Gold Fields Limited (ADR) (NYSE:GFI) remains in the metals and mining spotlight as a global gold producer with a bright, shiny future. After a disappointing end to 2016, when shares of Gold Fields Limited (ADR) (NYSE:GFI) were languishing around their 52-week low of $2.60, the future is looking much brighter in 2017. YTD, shares of Gold Fields Limited are up 17.11%. And, over the most recent three-month period, shares of this huge South African gold producer are up 25.18%.
Currently, shares of Gold Fields Limited are trading at $3.67, giving the company a stock market capitalization of $2.86 billion. Over the most recent 52-week period, shares have traded as low as $2.60 and as high as $6.60. That high was reached back in mid-August. Since, then, there’s been a bit of turbulence for Gold Fields Limited.
Don’t blame Gold Fields Limited (ADR) (NYSE:GFI), though, blame the global economy – and especially commodity prices. The fortunes of GFI are heavily dependent on the price of gold, and the price of gold, in turn, is heavily dependent on what’s happening in the U.S. economy. In general, any good U.S. economic data raises the prospect of Fed rate hikes, and that’s bad news for gold stocks.
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So, part of the optimism surrounding GFI in 2017 has to do with investor perceptions of what the Fed is going to do over the next 12 months and how the U.S economy is going to perform under the new Trump administration. As a result, price targets for Gold Fields Limited are all over the place.
The consensus price target for the stock ranges from $2.60 to $6.94. You can think of $2.60 as the floor, because that’s the 52-week low the company hit back on December 15th. In the same way, $6.94 represents only a modest increase of where the stock stood back on August 11th ($6.60). In other words, Wall Street analysts really aren’t giving any clear guidance here – all they’re saying is that the real value of the stock is somewhere in between the level it reached from August to December 2016.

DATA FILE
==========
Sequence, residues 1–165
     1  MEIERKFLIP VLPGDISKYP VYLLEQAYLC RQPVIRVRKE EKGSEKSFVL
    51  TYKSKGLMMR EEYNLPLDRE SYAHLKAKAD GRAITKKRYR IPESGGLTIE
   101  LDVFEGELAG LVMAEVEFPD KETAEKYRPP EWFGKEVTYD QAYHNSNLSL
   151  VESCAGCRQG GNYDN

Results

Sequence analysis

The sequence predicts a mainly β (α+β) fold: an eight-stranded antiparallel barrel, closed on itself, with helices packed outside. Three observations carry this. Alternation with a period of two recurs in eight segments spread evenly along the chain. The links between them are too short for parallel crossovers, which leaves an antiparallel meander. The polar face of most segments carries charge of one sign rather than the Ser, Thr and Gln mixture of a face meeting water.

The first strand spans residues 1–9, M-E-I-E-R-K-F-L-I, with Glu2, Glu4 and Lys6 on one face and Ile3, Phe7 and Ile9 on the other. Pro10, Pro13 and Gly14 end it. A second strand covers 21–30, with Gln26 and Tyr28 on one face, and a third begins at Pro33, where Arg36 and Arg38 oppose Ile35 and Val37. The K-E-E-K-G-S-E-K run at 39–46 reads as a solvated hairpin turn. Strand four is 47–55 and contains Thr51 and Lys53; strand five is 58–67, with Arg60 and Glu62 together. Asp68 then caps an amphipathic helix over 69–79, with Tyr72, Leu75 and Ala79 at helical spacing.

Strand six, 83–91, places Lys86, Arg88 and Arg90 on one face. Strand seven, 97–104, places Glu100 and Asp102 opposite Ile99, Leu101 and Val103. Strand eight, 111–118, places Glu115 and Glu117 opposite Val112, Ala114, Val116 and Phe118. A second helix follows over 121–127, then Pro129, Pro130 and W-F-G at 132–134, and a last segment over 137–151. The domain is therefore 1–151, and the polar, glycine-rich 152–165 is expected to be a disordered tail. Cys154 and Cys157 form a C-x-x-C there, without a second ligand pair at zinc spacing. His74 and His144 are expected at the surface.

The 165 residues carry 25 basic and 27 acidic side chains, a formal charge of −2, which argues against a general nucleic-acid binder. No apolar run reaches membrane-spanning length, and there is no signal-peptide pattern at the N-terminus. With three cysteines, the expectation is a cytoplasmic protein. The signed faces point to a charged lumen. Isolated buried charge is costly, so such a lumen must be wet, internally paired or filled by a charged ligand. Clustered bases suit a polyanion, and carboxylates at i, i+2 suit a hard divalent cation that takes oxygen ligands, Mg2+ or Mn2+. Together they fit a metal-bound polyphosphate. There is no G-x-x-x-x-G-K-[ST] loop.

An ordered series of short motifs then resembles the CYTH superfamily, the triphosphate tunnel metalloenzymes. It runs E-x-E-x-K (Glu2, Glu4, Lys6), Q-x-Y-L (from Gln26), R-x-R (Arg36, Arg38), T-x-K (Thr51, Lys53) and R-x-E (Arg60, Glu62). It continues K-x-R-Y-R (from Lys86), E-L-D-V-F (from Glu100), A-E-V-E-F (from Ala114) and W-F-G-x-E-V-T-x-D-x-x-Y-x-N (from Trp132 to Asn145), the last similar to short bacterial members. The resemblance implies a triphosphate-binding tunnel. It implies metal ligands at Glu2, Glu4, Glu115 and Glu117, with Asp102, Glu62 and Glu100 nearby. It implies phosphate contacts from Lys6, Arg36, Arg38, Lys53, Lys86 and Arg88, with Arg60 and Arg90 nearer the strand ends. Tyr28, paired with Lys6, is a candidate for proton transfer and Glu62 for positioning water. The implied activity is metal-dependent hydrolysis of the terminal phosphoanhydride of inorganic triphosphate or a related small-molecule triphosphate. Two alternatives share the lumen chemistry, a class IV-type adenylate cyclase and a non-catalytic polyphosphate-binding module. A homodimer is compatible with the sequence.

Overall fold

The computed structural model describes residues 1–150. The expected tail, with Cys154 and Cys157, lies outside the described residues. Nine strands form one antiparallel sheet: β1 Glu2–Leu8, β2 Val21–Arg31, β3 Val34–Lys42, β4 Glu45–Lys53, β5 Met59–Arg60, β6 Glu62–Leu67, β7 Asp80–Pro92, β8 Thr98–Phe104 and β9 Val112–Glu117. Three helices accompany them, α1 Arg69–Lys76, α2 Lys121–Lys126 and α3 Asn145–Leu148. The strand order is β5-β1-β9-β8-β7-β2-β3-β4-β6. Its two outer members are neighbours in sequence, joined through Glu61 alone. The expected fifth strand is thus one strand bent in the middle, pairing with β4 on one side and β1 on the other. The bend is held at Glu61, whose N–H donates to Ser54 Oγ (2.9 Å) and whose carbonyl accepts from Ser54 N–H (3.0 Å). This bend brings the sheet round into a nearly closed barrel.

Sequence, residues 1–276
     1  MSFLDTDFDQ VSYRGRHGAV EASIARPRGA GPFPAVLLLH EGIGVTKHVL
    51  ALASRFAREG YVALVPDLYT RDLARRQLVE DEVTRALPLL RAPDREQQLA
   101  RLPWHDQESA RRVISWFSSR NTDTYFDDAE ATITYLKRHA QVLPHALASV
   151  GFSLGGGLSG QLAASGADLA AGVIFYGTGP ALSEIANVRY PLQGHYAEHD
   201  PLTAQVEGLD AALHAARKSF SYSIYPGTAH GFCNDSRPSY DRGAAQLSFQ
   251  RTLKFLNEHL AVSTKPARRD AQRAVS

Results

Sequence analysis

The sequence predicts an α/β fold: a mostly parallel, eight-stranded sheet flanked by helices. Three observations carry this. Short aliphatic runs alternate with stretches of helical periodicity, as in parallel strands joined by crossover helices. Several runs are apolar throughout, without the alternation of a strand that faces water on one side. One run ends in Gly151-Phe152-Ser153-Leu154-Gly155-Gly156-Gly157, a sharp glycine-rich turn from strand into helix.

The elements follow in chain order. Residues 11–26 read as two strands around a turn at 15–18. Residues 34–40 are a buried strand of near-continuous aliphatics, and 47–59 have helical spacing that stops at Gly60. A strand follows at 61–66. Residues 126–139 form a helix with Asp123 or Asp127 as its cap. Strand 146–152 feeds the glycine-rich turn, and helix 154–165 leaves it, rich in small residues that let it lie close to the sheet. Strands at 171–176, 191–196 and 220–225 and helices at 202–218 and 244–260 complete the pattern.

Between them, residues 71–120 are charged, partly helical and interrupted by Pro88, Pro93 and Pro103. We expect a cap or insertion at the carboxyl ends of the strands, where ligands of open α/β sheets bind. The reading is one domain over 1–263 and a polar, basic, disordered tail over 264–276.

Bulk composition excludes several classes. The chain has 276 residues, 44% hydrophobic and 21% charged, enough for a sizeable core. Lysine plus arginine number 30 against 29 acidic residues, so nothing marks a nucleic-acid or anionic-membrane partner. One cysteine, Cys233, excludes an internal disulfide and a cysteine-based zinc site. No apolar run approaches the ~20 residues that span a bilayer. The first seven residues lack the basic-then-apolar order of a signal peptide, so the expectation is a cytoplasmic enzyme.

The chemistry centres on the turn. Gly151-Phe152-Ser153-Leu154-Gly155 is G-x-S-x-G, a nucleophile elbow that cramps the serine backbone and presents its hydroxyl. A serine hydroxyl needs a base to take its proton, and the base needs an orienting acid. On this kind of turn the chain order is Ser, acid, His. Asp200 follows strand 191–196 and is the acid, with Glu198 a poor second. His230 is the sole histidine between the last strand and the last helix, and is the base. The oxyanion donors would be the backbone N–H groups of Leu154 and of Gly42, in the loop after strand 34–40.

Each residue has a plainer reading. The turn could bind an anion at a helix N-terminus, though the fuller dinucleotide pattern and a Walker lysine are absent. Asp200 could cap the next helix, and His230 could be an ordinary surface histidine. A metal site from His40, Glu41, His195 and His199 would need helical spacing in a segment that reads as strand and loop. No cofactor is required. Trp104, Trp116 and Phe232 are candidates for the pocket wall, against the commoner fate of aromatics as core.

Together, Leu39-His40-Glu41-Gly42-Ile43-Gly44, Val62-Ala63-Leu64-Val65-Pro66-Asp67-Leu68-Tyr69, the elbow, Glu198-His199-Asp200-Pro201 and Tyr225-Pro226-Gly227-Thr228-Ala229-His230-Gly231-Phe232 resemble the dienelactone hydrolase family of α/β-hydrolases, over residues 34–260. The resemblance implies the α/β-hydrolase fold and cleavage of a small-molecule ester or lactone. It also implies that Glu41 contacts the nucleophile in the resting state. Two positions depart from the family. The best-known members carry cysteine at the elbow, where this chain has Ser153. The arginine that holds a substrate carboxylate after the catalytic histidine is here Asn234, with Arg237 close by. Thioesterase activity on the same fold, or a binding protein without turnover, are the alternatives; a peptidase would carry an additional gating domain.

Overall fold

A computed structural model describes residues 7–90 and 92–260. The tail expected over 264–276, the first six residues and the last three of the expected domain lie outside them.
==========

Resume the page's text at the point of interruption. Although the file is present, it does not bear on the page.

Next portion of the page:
That uncertainty shows up in the way the big Wall Street analysts have been upgrading and downgrading the stock, seemingly contradicting each other with every new rating. On December 12, for example, the Royal Bank of Canada downgraded GFI from “Outperform” to “Sector Perform.” Then, on March 3, JP Morgan Chase upgraded the stock from “Neutral” to “Overweight.” But just a week later, on March 11, Goldman Sachs lowered its rating to “Hold” on the stock. And on March 13, HSBC Holdings upgraded GFI from “Reduce” to “Hold.” So every downgrade has been followed by an upgrade – and vice versa.
Better guidance about what’s going to happen next with Gold Fields Limited comes from the options market. Back in November 2016, there was a spike in activity around the January 2017 GFI call options with a strike price of $3.00. At the time, that was a bullish signal because GFI was trading right around $3 per share. But, one month later, investor attention turned to the April 2017 GFI call options with a strike price of $3.00. At that time, GFI was trading around $2.65 per share. So keep your eyes on the options market, especially for any signs of a change in the put/call volume ratio for the $3 strike price.
Gold Fields reported its financial results for the year ended December 31, 2016 on February 16. At that time, the company’s CEO noted that production levels and costs were beating original guidance. Moreover, the CEO pointed out that GFI was generating strong cash flow, deleveraging its balance sheet, and growing the dividend (albeit modestly, from $0.039 to $0.04).
In terms of its core gold production activities, GFI owns 8 producing mines in South Africa (South Deep), Ghana, Australia and Peru. The company is involved in underground and surface gold and copper mining and related activities, including exploration, development, extraction, processing and smelting.
By investing in Gold Fields Limited, you’re getting direct exposure to gold and commodity prices. If you have the conviction that Gold Fields will continue to be a global leader in gold mining and that the Fed is not ready to hike rates again anytime soon, then now might be the time to get in on a major gold stock that has room to run. For more news on Gold Fields Limited (ADR) and other fast-moving penny stocks, please subscribe to OracleDispatch.com below.